In Halifax, after English, Arabic is the most common language among residents. To help all members of the public service, be they in health care or education, better meet the needs of a culture that is vastly different from the traditional Gaelic culture of Nova Scotia, the Public Service Commission has instituted mandatory diversity training for all public servants and diversity management for leaders.

In terms of recruitment, the three groups the public service is focusing on are Aboriginals, racially visible persons and persons with disabilities. In Nova Scotia, these groups make up 18 per cent of the working-age population, with 11.7 per cent of them participating in the labour force, according to 2001 Canadian census data.

According to the 2005-2006 survey of the province’s public service, people from these groups make up only 7.7 per cent of public servants. However, this is an increase from 7.2 per cent in 2004-2005.

“It’s not reflective of the population,” said Macdonald. “It’s been a challenge and that’s why we have an affirmative action and fair hiring policy.”

That policy is under review and a new draft, based on best practices, is expected to be tabled shortly as part of the province’s focus on diversity. Other programs the province has created include a diversity talent pool and a diversity accommodation fund.

The talent pool is made up of about 300 pre-screened job candidates who fall into one of the three designated groups. In the past year, 34 people from this pool have been placed in casual positions in the public service.

“It’s an entry point, generally through casual employment opportunities, so they get experience with government,” said Macdonald. “But it also gives departments an opportunity to get highly skilled, competent individuals for their short-term needs.”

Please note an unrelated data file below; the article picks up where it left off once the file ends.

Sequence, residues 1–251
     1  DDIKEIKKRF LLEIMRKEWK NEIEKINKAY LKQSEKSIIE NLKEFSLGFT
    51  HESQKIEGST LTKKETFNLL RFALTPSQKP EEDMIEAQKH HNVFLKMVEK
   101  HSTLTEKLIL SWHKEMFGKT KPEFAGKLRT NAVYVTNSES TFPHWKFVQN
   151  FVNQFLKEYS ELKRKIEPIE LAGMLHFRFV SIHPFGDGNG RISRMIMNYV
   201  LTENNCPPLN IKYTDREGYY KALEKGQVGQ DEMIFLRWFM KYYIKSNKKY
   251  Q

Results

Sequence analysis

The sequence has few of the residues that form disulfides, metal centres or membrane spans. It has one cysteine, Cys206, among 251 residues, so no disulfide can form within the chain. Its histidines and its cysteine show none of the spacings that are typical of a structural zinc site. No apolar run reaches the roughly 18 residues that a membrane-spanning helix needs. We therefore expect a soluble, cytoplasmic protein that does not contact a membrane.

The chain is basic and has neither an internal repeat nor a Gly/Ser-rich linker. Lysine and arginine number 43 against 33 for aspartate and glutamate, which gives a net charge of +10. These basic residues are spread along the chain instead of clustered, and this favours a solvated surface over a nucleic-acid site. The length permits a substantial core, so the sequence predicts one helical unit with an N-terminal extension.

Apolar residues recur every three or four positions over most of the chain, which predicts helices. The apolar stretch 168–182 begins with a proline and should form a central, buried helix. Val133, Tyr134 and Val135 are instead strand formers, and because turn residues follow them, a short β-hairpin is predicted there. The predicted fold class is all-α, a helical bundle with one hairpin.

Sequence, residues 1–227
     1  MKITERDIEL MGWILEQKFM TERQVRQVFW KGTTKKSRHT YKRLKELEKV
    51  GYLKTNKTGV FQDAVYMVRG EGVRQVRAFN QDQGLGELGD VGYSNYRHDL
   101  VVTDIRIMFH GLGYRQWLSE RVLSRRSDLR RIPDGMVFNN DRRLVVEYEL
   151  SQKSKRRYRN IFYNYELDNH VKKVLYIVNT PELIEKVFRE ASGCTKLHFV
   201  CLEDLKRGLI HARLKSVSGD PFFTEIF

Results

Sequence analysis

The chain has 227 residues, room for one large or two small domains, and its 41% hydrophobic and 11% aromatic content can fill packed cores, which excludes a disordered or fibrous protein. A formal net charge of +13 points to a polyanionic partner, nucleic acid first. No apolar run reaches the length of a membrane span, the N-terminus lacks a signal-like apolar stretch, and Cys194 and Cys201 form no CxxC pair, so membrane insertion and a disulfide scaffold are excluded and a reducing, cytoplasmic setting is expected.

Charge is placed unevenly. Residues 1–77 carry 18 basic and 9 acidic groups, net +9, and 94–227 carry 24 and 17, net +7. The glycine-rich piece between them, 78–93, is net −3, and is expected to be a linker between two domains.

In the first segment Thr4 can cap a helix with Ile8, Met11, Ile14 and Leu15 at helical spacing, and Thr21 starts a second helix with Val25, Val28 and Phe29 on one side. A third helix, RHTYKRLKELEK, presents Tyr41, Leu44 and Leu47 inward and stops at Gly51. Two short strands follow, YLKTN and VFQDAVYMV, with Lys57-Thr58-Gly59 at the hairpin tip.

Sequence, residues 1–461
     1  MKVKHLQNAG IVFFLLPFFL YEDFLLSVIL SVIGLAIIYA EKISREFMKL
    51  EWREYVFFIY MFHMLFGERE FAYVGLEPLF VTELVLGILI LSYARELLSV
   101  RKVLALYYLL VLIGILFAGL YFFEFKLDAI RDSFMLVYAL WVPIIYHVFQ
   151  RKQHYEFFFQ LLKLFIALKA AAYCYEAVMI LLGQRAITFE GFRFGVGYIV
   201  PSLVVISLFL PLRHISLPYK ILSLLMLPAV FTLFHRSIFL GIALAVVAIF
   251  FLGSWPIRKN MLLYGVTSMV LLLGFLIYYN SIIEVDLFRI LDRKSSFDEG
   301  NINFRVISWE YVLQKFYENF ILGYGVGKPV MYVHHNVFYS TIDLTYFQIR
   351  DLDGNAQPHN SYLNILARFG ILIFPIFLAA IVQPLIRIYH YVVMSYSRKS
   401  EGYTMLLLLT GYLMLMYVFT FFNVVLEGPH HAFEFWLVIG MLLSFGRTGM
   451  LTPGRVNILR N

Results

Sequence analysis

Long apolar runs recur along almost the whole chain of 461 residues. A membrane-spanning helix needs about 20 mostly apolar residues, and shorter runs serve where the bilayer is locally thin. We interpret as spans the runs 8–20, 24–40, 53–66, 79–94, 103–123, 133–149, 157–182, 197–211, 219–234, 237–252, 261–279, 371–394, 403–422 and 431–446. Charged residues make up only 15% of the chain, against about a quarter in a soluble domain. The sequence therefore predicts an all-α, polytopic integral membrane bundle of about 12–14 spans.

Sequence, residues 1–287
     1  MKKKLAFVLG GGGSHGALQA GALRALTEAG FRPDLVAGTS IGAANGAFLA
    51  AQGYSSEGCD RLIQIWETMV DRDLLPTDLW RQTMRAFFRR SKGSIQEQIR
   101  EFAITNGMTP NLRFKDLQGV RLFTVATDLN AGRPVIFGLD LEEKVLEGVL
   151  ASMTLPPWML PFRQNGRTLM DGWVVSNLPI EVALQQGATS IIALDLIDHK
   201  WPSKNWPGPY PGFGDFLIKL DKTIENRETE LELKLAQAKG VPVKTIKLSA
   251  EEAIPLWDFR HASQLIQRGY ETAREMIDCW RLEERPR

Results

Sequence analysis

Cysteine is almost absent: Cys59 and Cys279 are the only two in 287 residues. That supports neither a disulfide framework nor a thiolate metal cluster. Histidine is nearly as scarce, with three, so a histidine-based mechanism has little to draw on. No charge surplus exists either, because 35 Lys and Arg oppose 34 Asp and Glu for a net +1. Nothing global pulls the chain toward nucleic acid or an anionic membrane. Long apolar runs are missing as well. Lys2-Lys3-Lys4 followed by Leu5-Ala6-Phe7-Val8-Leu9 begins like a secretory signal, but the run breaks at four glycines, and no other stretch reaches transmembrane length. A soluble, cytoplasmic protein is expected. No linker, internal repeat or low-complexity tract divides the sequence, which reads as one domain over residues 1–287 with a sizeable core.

The diversity accommodation fund provided $29,000 in the past year for special equipment to help employees in the public sector with disabilities, and Macdonald expects to surpass that figure in the next year.

By providing the funds, individual department managers no longer have to worry about whether or not a person with a disability will be too costly to employ in a certain position.

Employers’ fears and ignorance around disability accommodation is the one barrier that Waldman has faced during his six-year career in HR.

“About half of the actual employers I’ve spoken to have no understanding about how to actually deal with somebody who has some sort of challenge,” he said. “Their first gut instinct is to almost back off.”

And this reaction prevents employers from seeing past Waldman’s hearing impairment to seeing his skills. Employers are afraid it will take too much to accommodate Waldman’s disability, but all he needs at work is a phone that he can turn up loud enough so he can hear.

Waldman is also one of 15 HR professionals who volunteer with Ability Online, an online social support network for young people with disabilities. This fall, the organization launched a job readiness program. Waldman answers questions about employment equity and what an employer can and can’t ask of a job candidate.